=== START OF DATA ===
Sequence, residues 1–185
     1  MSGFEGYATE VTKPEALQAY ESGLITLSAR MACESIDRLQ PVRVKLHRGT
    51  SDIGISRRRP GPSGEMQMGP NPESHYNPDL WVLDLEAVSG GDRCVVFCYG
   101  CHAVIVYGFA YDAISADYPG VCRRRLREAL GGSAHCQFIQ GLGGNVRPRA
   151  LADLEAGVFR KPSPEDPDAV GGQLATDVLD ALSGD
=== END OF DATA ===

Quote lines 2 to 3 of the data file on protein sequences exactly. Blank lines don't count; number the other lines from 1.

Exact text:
     1  MSGFEGYATE VTKPEALQAY ESGLITLSAR MACESIDRLQ PVRVKLHRGT
    51  SDIGISRRRP GPSGEMQMGP NPESHYNPDL WVLDLEAVSG GDRCVVFCYG